Fractals and Steiner chains

I recently came across this nice animated gif of a fractal based on a Steiner chain, due to Eric Martin Willén. I immediately wanted to replicate it.

Make Steiner chains easily

First, how do you make a Steiner chain? It is easy using inversion geometry. Just decide on the number of circles tangent to the inner circle (n). Then the ratio of the radii of the inner and outer circle will be r/R = (1-\sin(\pi/n))/(1+\sin(\pi/n)). The radii of the circles in the ring will be (R-r)/2 and their centres are located at distance (R+r)/2 from the origin. This produces a staid concentric arrangement. Now invert with relation to an arbitrary circle: all the circles are mapped to other circles, their tangencies preserved. Voila! A suitably eccentric Steiner chain to play with.

Since the original concentric chain obviously can be rotated continuously without losing touch with the inner and outer circle, this also generates a continuous family of circles after the inversion. This is why Steiner’s porism is true: if you can make the initial chain, you get an infinite number of other chains with the same number of circles.

Iterated function systems with circle maps

The fractal works by putting copies of the whole set of circles in the chain into each circle, recursively. I remap the circles so that the outer circle becomes the unit circle, and then it is easy to see that for a given small circle with (complex) centre z and radius r the map f(w)=(w+z)r maps the interior of the unit circle to it. Use the ease of rotating the original concentric ring to produce an animation, and we can reconstruct the fractal.


Except… it feels a bit dry.

Ever since I first encountered iterated function systems in the 1980s I have felt they tend towards a geometric aesthetics that is not me, ferns notwithstanding. A lot has to do with the linearity of the transformations. One can of course add rotations, which cheers up the fractal a bit.

But still, I love the nonlinearity and harmony of conformal mappings.

Inversion makes things better!

Enter the circle inversion fractals. They are the sets of the plane that map to themselves when being inverted in any and all of a set of generating circles (or, equivalently, the limit set of points under these inversions). As a rule of thumb, when the circles do not touch the fractal will be Cantor/Fatou-style fractal dust. When the circles are tangent the fractal will pass through the point of tangency. If three circles are tangent the fractal will contain a circle passing through these points. Since Steiner chains have lots of tangencies, we should get a lot of delicious fractals by using them as generators.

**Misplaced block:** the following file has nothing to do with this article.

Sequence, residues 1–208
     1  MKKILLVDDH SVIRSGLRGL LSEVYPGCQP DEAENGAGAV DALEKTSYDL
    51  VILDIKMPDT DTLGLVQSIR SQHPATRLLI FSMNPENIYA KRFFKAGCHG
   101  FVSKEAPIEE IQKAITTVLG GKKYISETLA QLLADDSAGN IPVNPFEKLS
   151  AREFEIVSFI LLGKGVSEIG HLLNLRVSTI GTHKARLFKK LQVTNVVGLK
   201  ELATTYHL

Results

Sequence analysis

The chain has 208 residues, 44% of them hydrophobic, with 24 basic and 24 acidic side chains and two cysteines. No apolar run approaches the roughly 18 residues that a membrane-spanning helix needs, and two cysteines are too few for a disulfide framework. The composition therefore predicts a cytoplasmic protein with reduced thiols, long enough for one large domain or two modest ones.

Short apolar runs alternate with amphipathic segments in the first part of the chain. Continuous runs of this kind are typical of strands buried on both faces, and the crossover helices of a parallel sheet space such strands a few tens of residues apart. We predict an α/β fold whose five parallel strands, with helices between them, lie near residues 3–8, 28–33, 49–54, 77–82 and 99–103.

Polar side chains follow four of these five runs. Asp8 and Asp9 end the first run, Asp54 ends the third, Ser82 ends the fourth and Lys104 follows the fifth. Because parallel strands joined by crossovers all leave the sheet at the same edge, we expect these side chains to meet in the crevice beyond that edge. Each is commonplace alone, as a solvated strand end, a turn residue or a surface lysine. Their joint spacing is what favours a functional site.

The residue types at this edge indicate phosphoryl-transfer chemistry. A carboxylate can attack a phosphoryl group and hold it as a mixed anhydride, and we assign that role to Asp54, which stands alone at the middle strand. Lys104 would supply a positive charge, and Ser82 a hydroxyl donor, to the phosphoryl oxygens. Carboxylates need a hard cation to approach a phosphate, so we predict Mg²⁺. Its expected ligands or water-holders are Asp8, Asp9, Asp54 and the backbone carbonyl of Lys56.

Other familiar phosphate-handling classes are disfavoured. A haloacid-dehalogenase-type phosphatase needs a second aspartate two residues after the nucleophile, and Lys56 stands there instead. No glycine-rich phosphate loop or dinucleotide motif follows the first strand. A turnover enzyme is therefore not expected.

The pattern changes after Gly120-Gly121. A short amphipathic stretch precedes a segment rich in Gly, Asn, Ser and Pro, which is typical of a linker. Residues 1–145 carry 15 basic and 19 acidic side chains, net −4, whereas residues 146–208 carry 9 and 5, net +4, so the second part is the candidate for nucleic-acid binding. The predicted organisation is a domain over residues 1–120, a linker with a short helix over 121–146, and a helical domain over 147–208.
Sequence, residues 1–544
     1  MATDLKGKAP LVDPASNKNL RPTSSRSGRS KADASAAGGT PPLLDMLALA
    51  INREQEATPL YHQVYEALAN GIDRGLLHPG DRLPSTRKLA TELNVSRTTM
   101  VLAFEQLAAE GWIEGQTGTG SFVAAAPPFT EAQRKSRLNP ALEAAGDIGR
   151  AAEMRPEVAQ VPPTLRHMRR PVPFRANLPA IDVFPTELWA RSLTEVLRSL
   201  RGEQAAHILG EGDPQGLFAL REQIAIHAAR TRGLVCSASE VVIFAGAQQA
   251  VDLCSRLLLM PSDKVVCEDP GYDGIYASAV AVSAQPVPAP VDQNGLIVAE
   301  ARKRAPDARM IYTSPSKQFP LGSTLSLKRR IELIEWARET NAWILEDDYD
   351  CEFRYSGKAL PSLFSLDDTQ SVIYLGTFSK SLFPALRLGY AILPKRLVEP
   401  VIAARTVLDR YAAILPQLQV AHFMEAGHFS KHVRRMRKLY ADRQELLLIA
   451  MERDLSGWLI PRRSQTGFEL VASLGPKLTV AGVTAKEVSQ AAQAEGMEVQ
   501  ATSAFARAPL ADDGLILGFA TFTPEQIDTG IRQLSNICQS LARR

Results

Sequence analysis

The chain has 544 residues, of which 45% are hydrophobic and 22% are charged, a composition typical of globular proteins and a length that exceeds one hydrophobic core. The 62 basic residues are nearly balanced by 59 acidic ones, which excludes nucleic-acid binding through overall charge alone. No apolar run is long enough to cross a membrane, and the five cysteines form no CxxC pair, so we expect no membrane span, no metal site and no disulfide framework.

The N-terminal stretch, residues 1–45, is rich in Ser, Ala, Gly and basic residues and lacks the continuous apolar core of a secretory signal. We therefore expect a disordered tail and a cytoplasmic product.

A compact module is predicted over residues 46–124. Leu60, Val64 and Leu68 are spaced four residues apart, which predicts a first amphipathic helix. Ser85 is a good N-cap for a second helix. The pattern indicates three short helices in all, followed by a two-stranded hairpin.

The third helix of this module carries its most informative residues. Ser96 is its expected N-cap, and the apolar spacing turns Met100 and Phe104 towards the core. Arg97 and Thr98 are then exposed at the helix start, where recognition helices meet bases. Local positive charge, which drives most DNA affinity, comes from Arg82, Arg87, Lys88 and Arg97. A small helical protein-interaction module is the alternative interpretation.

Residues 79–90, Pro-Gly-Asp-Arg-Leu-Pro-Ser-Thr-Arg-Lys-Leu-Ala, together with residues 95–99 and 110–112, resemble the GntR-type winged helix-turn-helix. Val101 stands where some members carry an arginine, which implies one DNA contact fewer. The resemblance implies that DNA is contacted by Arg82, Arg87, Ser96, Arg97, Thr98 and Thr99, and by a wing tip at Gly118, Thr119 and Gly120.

I use nearly the same code I used for the elliptic inversion fractals, mostly because I like the colours. The “real” fractal is hidden inside the nested circles, composed of an infinite Apollonian gasket of circles.

Note how the fractal extends outside the generators, forming a web of circles. Convergence is slow near tangent points, making it “fuzzy”. While it is easy to see the circles that belong to the invariant set that are empty, there are also circles going through the foci inside the coloured disks, touching the more obvious circles near those fuzzy tangent points. There is a lot going on here.

But we can complicate things by allowing the chain to slide and see how the fractal changes.

This is pretty neat.


5 thoughts on “Fractals and Steiner chains

  1. Hello,
    i´ve a question but it somehow touches this topic too. It´s about your recent article “Dissolving the Fermi-Paradox”. I´ve been wondering where the fractals are in Einstein`s field equasion. I mean we´ve found them pretty much in every field but not there as far as my limited understanding of the matter goes.
    As far as i get it we´re basically looking for Dyson-Swarms to infere whether we´re alone right? So if there are fractals in spacetime geometry would this enable FTL travel? Would we be able to detect an ETI who´s using FTL travel?
    Luckily we´re all pretty much clueless so i´m not this much bothered by me asking such naive questions.

    1. The Einstein equations are differential equations, so they presuppose a smooth spacetime – no fractals there. You get chaotic orbits in many cases, like around merging black holes – accurate pictures of them will show fractal patterns due to multiple images as light is wrapping around the horizons.

      There is no real reason to think fractals have anything to do with FTL. Just because one thing is cool doesn’t mean it has to be involved with other cool mysteries.

      1. Oh i thought fractals are part of geometry and i read something about space time geometry as well so i believed the two are related. My fault. Ayways thanks for answering.

  2. I have other questions:
    Is the Plank lengh kind of a “natural” barrier preventing fractals in spacetime geometry?
    Wiki says “…beyond (or below) which the predictions of the Standard Model, quantum field theory and general relativity are no longer reconcilable…” So it´s not a hard barrier, we just cannot know, or am i wrong again?

    Is this “hologram” universe fractal in nature? Does the Hausdorf-Dimension have some kind of expression beyond math? Can we know whether this “higher dimension” required is a fractal?

    Forgive my reference of wiki but i´m kind of clueless about the whole math. I´m just a bit curious and fascinated by these fractals.

  3. Your animations reminded of some work that I did several years ago. An example is shown at What you see here is a fractal tiling, in which each circle is smaller than the last in such a way that there’s always room for one more. I call this Tim Burton’s Cartesian Nightmare. At any rate, you’ve done some nice work here.

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